Activists say people are turning the news off - so they hit the road to connect in person

Peace Caravan members (clockwise from top left): Jase Tanner, Ellen Woodsworth, Donna Henningson, Sara Kirschenbaum, Wolseley host Marianne Cerilli, and Masa Kateb shared stories to get people engaged. Photo Terese Taylor
Peace Caravan members (clockwise from top left): Jase Tanner, Ellen Woodsworth, Donna Henningson, Sara Kirschenbaum, Wolseley host Marianne Cerilli, and Masa Kateb shared stories to get people engaged. Photo Terese Taylor

“That personal contact we have just talking to people, it’s like sparks,” Ellen Woodsworth says. “People are turning off their TVs, turning off their radios … people are exhausted.”

Woodsworth is a member of the On to Ottawa Peace Caravan crew who were hosted overnight in Wolseley on June 2nd. They were returning from a cross country journey, starting in Vancouver and greeted in several Canadian cities, to advocate for peace and share the stories they gathered along the way.

Clearly identified by Sara Kirschenbaum’s peace car, adorned with one dot for every nuclear weapon on the globe, the caravan arrived at each stop to speak, sing, create and spark the fire needed to engage people.

On May 28th, the group, along with an Eastern contingent that left from Halifax, descended on Ottawa, to take their message to parliament and protest the CANSEC military arms fair, which is held in the capitol every year.

When they stopped in the neighbourhood on their return to Vancouver, they were accompanied by two former journalists, Masa Kateb and Donna Hessingson, and Jase Tanner, a documentary film maker with Independent Jewish Voices Canada. Throughout their journey, they were joined by other artists, activists and Indigenous leaders.

Woodsworth, who is co-chair of the Women’s International League for Peace and Freedom (WILPF), said the increase in the Canadian defence budget was cause for alarm. She felt that the announcement came “without much of a ripple” and that something should be done to raise awareness.

“They announced an increase to the federal defense budget to $50 billion, and what WILPF decided is that we were going to do a peace caravan,” Woodsworth says. “We use our slogans of ‘demilitarize, decarbonize and decolonize’ to talk to people about how the federal budget could be used to address people’s social needs for affordable housing, health care, education, and to support refugees and immigrants.” Woodsworth thought that when people understand how dangerous jet emissions and arms manufacturing is for the climate crisis and how defense funding takes away from real gains in reconciliation, they would begin to make important connections between peacemaking and social and environmental equality.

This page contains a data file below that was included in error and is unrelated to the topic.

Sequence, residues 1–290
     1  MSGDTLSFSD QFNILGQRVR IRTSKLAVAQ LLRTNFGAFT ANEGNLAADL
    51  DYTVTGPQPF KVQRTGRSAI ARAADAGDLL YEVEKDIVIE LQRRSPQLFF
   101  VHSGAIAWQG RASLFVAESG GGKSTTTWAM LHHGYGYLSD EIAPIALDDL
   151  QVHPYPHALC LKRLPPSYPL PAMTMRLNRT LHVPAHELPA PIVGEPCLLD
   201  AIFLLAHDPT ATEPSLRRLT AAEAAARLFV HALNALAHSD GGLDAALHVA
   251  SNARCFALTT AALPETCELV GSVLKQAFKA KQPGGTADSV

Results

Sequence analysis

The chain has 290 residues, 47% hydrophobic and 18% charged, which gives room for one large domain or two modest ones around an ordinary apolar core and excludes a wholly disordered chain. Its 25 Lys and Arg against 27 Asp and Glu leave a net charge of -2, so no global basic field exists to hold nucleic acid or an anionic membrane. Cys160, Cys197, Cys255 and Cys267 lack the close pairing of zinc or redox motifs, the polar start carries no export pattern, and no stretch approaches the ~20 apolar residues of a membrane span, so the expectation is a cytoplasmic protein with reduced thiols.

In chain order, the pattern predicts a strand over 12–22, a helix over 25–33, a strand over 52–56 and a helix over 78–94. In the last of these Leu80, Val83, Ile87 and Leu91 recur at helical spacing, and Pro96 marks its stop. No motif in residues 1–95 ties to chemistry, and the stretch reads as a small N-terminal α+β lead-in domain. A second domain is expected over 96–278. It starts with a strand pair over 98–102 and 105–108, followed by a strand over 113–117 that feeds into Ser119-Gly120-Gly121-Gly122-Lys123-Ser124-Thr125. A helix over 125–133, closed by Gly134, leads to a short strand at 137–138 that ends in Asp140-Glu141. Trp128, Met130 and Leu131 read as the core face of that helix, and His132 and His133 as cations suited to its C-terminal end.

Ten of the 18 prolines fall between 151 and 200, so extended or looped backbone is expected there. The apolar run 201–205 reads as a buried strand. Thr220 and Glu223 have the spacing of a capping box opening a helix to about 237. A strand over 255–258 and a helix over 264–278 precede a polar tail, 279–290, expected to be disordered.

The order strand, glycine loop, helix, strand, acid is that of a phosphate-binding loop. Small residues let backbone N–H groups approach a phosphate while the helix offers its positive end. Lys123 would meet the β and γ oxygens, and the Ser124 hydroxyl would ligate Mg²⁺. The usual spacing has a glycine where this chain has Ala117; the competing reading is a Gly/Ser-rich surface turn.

Donna Henningson has been studying how people can learn to end conflict and acted as the group's resident musician. “We talked about the importance of art to engage people. It’s not just talking,” Henningson says. “Whether you’re singing ‘peace train' or ‘blowing in the wind’, [music] engages people on a whole other level.”

In Ottawa, the caravan hosted workshops to develop concrete recommendations on what can be done to build a better world.

Masa Kateb, a former journalist and Syrian refugee who acted as the group’s social media coordinator, says that one of the biggest contributions of these workshops was a focus on language. “If you’re saying it’s a defense budget, then that assumes you are in danger and you are defending,” Kateb says. “But, if you call things what they are and if everyone shifts their language, we’ll call it a war budget.”

“We had different voices at the table. We worked with what we had, and what people could generously give,” says Woodsworth. “It’s just amazing how many voices we’ve been able to give a space for and learn from.”

Patrick Harney, Local Journalism Initiative Reporter, The Leaf